German and European Amazon customers may or may not find their orders are a bit late as workers at the company's Leipzig distribution centers have staged a walk out to protest wages.

The strike was called for by the German trade union Ver.di. It essentially ended up as a morning wildcat strike. The number of workers involved was not known, but of the 2,000 employees at the center, around 700 are Verdi members. Overall, Amazon has about 9,000 workers in Germany spread over nine sites.

The March 31 action was termed a warning strike by the union to get Amazon to return to the negotiating table.

The union has been attempting to force Amazon to raise pay in its Leipzig facility saying that it is a distribution center. Amazon has countered stating it is actually a logistics center. In Germany, logistics site workers are paid at a lower rate than those working in distribution centers.

The union also staged walk outs during the busy holiday season at three other Amazon centers, although those actions did not cause any delivery delays.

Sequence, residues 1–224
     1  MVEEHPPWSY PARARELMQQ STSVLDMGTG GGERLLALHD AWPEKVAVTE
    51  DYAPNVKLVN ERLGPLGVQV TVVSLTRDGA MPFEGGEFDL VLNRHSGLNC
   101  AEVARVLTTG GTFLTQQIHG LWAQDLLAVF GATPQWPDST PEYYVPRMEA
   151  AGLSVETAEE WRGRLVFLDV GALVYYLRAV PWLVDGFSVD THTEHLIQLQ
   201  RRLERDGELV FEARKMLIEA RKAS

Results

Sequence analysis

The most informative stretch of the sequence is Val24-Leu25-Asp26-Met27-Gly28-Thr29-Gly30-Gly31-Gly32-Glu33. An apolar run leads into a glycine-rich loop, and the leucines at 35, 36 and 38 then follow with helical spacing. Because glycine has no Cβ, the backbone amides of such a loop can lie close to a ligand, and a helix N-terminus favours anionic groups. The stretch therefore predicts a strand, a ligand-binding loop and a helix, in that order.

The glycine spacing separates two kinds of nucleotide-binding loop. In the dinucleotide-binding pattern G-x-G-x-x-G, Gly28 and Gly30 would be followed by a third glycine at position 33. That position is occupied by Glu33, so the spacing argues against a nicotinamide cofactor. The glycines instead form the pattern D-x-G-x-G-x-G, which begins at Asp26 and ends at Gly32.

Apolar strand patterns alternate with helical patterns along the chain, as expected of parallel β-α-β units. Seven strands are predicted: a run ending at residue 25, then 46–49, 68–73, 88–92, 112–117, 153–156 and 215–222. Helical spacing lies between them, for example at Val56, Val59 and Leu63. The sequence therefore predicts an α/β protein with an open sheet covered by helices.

Amazon's labor problems are not confined to Germany and it has been pushing back against union involvement in its centers since 2000.

In the most recent case, the online retailer came out on top. Last December, employees in a U.S. Amazon facility successfully petitioned the National Labor Relations Board enabling them to hold union elections in January. This was backed by the International Association of Machinists and Aerospace Workers (IAMAW), a trade union of the AFL-CIO on behalf of 30 equipment maintenance workers who wish to hold a vote on whether or not to create a union presence in their shop.

However, the vote failed and the union was kept out of the Delaware distribution center. The union blamed pressure from Amazon on the vote's outcome, while Amazon said its workers prefer direct communication.

"This direct connection is the most effective way to understand and respond to the wants and needs of our employees. Amazon's culture and business model are based on rapid innovation, flexibility and open lines of direct communication between managers and associates," the company said at the time.

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